Discussion in 'Grammar & Pronunciation' started by scrimshaw, Jul 8, 2008.

  1. wer

    wer Well-Known Member

    There could be an arbitrary glottal stop in the place of the hyphen. The glottal stop is obligatory for double "l".

    Thus the pronunciation of "byli" and "byl-li" is clearly different. The l's in the latter are clearly separated in different syllables.

    No, there is no schwa.

    Nucleus of Czech syllables consists of one single phone, either of vowel (a, á, e, é, i, í, o, ó, u, ú), or of a diphthong (ou, au, eu), or of a syllabic consonant (r, l, m, s) which is always preceded by onset.
  2. Ctyri koruny

    Ctyri koruny Well-Known Member


    Mít - to have
    mýt - to wash

    What is the difference in how they are pronounced? Or are they complete "homophones" where you have to guess from the content.
  3. wer

    wer Well-Known Member

    Yes, the infinitive forms are homophones.
  4. Ctyri koruny

    Ctyri koruny Well-Known Member

    Thank you!
  5. Karel_lerak

    Karel_lerak Well-Known Member

    In standard Czech yes, but close to the Polish border (e.g. Ostrava, Těšín) you would here the difference between i and y :)
  6. Ctyri koruny

    Ctyri koruny Well-Known Member

    The book I am learning from is very much centered around Prague, so I assume that is the accent I'll be learning, is it considered a nice one?

    Then again, if it is anything like English you need to be learning a long time and be very good before people can hear the accents of your teachers, outside of a few words with obvious differences like "progress", or if you learned English from Billy Connolly.

    (careful - some curse words!)
  7. Polednikova

    Polednikova Well-Known Member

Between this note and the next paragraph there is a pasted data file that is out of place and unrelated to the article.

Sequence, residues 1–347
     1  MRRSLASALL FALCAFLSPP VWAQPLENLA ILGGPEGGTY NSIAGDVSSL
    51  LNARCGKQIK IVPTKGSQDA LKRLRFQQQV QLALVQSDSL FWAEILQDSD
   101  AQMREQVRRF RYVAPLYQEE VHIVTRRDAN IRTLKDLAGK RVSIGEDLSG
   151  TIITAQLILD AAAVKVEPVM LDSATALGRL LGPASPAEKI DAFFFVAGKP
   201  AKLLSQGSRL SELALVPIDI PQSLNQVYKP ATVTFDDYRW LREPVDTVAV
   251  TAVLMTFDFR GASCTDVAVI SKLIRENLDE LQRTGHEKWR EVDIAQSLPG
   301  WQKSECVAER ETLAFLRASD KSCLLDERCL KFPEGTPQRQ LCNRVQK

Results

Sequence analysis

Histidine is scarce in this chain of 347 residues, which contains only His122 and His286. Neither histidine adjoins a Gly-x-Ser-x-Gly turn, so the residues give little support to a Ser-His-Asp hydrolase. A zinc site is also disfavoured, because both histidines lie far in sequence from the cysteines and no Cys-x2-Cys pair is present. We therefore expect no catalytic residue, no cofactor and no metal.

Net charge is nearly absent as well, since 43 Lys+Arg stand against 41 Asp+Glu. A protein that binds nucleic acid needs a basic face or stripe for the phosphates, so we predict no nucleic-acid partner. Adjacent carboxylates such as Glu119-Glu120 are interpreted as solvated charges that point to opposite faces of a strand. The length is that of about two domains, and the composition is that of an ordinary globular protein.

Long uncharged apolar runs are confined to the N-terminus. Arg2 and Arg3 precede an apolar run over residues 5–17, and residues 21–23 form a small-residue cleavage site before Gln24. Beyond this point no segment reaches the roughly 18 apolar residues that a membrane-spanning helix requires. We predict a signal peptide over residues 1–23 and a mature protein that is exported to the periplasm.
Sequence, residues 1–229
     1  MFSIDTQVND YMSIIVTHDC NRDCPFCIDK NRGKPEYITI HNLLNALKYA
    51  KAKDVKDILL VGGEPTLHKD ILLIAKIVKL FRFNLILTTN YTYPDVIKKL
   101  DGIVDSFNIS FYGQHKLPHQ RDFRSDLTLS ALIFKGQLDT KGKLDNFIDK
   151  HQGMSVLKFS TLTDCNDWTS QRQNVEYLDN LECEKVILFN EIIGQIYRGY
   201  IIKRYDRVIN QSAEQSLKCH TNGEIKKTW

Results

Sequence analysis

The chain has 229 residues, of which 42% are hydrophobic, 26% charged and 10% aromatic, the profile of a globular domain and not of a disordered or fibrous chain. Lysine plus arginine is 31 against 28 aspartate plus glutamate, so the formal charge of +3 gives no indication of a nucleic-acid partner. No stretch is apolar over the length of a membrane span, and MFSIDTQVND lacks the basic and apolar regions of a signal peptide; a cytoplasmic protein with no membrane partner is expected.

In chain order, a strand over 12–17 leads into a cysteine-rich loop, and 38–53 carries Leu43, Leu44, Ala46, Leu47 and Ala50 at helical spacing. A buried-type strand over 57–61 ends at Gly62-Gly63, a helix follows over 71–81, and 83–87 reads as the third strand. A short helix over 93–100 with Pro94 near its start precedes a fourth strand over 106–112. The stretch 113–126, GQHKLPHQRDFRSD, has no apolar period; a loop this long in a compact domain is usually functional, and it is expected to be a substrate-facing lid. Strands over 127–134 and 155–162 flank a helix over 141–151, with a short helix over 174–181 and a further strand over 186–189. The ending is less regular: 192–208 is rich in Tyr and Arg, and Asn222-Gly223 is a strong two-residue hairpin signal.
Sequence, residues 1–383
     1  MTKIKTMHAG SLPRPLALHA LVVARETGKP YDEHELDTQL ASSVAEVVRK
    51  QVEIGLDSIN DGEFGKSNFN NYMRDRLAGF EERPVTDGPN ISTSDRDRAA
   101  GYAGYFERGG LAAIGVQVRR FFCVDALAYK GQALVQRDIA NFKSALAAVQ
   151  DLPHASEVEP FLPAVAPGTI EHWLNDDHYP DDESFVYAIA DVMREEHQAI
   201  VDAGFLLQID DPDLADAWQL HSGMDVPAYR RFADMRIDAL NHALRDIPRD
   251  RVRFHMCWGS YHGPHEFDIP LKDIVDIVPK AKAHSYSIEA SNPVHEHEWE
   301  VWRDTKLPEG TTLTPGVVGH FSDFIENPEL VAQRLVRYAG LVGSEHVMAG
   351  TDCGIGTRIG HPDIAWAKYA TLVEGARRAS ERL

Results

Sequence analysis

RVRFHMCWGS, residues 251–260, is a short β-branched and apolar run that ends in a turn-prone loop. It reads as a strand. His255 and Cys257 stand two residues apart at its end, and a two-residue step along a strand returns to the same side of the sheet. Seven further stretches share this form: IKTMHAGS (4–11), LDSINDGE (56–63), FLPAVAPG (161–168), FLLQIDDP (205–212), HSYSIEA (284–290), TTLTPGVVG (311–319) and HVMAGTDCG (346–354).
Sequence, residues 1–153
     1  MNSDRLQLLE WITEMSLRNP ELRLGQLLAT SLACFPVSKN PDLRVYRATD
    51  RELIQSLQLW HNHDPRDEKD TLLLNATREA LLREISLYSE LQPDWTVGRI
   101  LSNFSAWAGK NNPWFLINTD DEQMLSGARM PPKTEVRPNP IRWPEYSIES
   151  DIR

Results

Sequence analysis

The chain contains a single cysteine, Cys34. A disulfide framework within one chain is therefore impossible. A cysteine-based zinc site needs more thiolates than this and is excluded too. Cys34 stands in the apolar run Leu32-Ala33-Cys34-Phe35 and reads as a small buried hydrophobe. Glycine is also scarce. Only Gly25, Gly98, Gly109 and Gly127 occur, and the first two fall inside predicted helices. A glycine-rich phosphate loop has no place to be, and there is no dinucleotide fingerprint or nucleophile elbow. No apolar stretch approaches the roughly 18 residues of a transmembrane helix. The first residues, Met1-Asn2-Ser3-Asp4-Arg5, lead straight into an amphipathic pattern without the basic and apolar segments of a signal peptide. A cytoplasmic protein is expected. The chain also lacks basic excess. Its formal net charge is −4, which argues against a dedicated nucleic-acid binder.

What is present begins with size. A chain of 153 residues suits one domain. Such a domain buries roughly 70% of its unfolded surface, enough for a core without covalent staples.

Laylah: I'm listening to The Today Programme at the moment so I'll listen to Billy Connolly later but that really did make me laugh a lot - the idea of learning 'English' from Billy Connolly!

    That's a bit like the way I get my head round how Czechs and Slovaks understand each other. I think of it as how someone from England would understand a broad Glaswegian and vice versa ie they each speak their own 'language' but can understand the other one while not being able to speak it!
  8. Ctyri koruny

    Ctyri koruny Well-Known Member

    Maybe it's kind of like Punjabi? In that, loads of people can understand it, because it has bits of their own language, whatever language they speak.
    I really want to learn that - the almost universal language!

    There was a man on the television before, he was a Seek visiting France, he had learned some French in school and was trying in vein to ask directions from a puzzled French man. In the end he just asked in Punjabi, and the man happily showed him the way in French!

    It's not a particularly good Billy Connoly clip but it's a fine example.
    I saw an ad for someone in France looking for a qualified EFL teacher to be an opair.. but they had to have a Scottish accent!
  9. scrimshaw

    scrimshaw Well-Known Member

    That Billy Conolly clip is hillarious.
    Where do I know his face from. Was he in the series Fawlty Towers?
  10. Ctyri koruny

    Ctyri koruny Well-Known Member

    I don't think so, a lot of people from across the water get him mixed up with John Clease, who played Basil.

    He was in "The Last Samurai" (worst film ever!) and a couple of other things playing serious roles. That film with Judy Dench as Queen Victoria as well.

    But really he's a comedian, he just acts every now and then for the craic.
  11. Polednikova

    Polednikova Well-Known Member

    How can anyone mix up Billy Connolly and John Cleese?! :lol: There's the small matter of the hair for starters!